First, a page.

I folded this kind of madrigal in prose, and sent it by Joseph, who handed it to Marguerite herself; she replied that she would send the answer later.. [Camille]

She has also featured in a "madrigal" show at Edinburgh's Fringe Festival with local children performing a collection of poetry and plays.. []

Though Claudio Cavina's fine group are best known for their recordings of the two greatest late-renaissance madrigal composers, Gesualdo and Monteverdi, they have not neglected the works of less celebrated 16th-century composers.. [Luzzaschi: Concerto della Dame: La Venexiana/Cavina – review]

"I heard some of the people in my college sing Monteverdi's madrigal 'Lamento della Ninfa,' and I was moved to tears by it," he recalled.. [When Sheer Power Is Not Enough]

The various Herzogian heroes are all avatars of a romantic subjectivity: the megalomaniac Kinski, the abused but powerfully dignified Bruno S, the murderous madrigal composer Gesualdo, Dieter Dengler who wants to fly but is shot down, revolutionary dwarves, child soldiers, hypnotised villagers . . .. [Werner Herzog, the adventurous spirit]

Mr. Davis brings out all the wit and detail in Sullivan's orchestration, and he shapes the singing so that everything — from the delicate madrigal "Brightly dawns our wedding day" to the speedy ensemble patter that ends "I am so proud" to Katisha's grand opera arias — sounds authentic but new.. [Taking Gilbert]

Or my personal favorite, the married duo of Felicity Huffman and William H. Macy, who sang their intro like a comic madrigal: These actresses did stunning work, heartbreaking, true and bold.. [Golden Globes Review: Third Time Not a Charm]

For instance, the part where tiny poverty stricken communities of free whites maintain their cultural traditions, like "madrigal boy bands.". [February 20th, 2009]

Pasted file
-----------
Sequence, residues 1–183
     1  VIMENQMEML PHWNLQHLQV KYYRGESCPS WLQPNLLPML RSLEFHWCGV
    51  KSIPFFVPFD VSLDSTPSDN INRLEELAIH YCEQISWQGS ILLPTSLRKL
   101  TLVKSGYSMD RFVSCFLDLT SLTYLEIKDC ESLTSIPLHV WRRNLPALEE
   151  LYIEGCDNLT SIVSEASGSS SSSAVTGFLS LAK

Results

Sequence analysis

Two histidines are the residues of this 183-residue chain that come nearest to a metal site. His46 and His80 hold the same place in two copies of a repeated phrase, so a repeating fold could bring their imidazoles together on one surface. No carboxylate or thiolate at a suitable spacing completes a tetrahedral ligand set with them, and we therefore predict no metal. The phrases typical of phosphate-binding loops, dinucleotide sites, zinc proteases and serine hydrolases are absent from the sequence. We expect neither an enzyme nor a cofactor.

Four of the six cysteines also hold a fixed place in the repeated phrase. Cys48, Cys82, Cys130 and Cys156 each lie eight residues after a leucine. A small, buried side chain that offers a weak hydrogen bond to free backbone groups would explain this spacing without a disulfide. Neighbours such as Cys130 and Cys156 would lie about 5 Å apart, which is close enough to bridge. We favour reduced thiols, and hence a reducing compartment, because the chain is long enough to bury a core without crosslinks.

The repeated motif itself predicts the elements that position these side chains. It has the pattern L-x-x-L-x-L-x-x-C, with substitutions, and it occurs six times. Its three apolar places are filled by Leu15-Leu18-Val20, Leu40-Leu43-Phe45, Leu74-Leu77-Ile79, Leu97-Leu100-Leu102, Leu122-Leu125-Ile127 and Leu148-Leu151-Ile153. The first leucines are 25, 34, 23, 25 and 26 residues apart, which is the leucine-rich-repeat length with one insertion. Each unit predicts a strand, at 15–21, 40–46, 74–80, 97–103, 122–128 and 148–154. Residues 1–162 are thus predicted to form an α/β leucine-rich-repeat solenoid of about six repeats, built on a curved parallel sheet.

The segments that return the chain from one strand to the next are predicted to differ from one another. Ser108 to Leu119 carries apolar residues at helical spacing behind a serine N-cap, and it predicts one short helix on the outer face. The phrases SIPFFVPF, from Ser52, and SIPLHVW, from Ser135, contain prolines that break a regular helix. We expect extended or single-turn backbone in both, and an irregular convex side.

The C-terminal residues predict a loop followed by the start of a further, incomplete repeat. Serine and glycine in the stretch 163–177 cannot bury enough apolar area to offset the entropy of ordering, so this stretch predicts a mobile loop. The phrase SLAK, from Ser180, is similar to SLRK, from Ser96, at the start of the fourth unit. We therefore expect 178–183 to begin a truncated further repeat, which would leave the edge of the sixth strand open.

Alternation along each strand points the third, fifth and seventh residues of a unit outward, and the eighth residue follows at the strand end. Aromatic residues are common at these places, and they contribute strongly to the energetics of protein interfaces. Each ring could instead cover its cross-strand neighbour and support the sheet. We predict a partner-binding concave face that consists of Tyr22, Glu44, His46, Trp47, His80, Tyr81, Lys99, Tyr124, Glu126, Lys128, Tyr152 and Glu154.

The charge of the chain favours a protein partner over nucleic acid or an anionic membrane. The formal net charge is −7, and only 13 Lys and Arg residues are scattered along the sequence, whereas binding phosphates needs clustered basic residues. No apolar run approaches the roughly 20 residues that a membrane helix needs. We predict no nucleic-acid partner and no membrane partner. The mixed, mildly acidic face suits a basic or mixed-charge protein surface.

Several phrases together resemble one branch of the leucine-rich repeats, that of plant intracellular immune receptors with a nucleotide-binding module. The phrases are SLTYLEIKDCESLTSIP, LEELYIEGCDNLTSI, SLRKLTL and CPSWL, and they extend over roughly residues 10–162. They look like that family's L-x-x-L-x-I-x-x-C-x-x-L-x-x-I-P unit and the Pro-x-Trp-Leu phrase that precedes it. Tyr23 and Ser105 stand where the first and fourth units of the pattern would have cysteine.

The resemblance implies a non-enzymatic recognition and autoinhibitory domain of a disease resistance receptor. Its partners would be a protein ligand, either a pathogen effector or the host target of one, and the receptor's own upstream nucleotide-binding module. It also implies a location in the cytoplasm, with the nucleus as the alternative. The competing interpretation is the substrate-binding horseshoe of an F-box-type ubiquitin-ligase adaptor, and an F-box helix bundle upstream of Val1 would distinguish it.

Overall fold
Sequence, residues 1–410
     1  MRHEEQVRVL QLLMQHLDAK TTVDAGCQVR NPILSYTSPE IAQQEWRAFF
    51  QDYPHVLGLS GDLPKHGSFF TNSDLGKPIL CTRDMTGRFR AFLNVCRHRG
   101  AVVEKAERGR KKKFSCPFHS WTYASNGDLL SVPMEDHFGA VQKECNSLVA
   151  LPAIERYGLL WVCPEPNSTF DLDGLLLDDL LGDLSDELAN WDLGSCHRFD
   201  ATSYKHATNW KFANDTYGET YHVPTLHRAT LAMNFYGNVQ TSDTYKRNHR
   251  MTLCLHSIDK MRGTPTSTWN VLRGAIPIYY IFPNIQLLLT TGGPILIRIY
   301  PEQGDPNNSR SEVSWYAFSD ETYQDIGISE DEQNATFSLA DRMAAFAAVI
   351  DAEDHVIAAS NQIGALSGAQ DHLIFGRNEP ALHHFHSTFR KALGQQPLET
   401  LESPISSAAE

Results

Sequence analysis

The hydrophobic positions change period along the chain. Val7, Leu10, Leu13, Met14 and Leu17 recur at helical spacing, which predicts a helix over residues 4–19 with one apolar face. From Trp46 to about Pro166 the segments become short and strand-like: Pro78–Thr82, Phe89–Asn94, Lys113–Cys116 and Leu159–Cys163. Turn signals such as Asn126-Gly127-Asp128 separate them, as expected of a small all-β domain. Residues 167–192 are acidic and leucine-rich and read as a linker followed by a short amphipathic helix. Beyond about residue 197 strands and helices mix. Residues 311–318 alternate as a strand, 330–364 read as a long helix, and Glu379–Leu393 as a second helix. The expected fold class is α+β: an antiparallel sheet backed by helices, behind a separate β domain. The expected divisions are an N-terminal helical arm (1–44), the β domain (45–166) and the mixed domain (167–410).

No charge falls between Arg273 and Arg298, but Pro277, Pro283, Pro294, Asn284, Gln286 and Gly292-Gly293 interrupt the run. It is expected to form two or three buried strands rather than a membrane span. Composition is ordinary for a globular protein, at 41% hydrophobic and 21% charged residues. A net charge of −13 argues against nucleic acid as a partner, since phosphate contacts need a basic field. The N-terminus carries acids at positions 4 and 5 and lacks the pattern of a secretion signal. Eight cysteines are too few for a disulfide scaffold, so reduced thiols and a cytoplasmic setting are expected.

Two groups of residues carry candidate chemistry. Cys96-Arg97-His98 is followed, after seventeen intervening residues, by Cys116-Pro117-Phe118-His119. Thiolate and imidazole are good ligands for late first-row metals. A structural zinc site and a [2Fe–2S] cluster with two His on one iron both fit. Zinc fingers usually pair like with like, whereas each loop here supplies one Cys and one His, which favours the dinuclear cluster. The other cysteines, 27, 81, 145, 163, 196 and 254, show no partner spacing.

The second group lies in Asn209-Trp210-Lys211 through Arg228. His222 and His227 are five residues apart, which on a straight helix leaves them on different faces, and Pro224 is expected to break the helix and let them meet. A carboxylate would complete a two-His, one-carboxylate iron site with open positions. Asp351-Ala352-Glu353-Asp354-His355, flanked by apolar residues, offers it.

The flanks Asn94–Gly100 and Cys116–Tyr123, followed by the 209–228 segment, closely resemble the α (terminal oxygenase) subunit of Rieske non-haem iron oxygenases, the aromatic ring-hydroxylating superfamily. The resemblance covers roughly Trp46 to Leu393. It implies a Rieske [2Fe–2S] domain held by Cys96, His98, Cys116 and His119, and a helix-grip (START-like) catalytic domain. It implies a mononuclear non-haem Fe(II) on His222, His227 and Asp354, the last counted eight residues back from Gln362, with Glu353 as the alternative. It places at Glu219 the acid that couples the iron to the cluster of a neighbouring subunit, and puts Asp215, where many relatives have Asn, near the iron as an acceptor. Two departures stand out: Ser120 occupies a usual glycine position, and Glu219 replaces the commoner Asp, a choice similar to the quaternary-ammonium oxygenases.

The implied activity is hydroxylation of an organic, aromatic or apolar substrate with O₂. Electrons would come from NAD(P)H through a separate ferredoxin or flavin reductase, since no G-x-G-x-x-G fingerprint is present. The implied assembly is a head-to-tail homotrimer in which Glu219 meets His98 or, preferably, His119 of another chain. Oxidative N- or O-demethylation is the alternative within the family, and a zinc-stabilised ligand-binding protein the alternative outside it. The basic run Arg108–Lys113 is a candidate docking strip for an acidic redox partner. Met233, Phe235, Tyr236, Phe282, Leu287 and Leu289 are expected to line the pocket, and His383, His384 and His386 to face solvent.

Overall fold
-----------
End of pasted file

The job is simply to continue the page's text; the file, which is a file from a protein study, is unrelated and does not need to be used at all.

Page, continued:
We feel safe, huddled within human institutions — churches, banks, madrigal groups — but these concoctions melt away at the basic moments.. [john updike | march 18, 1932 – january 27, 2009 « poetry dispatch & other notes from the underground]

And all these outrageous elements are framed by an animated title sequence in the style of Gustav Klimt, with a haunting Latin madrigal playing on the soundtrack, gorgeous illustrations of the characters in richly coloured robes, and a final full frontal nude of the story's heroine.. [MIND MELD: The Best Genre Crossovers]

"Madrigalia Via" means "the madrigal way," in reference to a 16th-century form of music written to secular texts songs of nature and of love.. [The Art of the Madrigal]

After college, Dawn spent 18 years working at a local formalwear company, outfitting everyone from bridegrooms to high school madrigal singers.. [Shop owner overwhelmed by community support during hard times]

Madrigal Translates

TurkishMadrigal English to Turkish Translate
i. pastoral şeklinde bir şiir türü, kısa gazel; çoğunlukla çalgısız olarak çeşitli perdelerde birkaş sesle söylenen şarkı.i. pastoral şeklinde bir şiir türü, kısa gazel; çoğunlukla çalgısız olarak çeşitli perdelerde birkaş sesle söylenen şarkı.

Madrigal on Social Media

SoAppalledMena
SoAppalledMena
2019-01-22

@radicalhearts: 1. Rafael Madrigal Rafael Madrigal was wrongly convicted of attempted murder in 2002 and sentenced to 25 to life. His…

koshari_
Koshari_
2019-01-22

@radicalhearts: In addition to the many receipts already floating around re: Kamala Harris, I want to also discuss three cases: 1. Rafae…

mandycanne
Mandycanne
2019-01-22

@radicalhearts: 1. Rafael Madrigal Rafael Madrigal was wrongly convicted of attempted murder in 2002 and sentenced to 25 to life. His…

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Danny Rivera - Madrigal
Danny Rivera - Madrigal
"MADRIGAL" EL TRIO AMERICA REGRESA A LOS ESCENARIOS DE LA UNION AMERICANA..
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Madrigal

Madrigal Word Data

  • Pronunciations(mădˈrĭ-gəl)
  • Character8
  • Hyphenation mad ri gal

Synonyms

No madrigal synonyms found!

Hypernyms

Part song Sing

Equivalents

No madrigal equivalents found!
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Quote

It does not matter how slowly you go as long as you do not stop. (Confucius )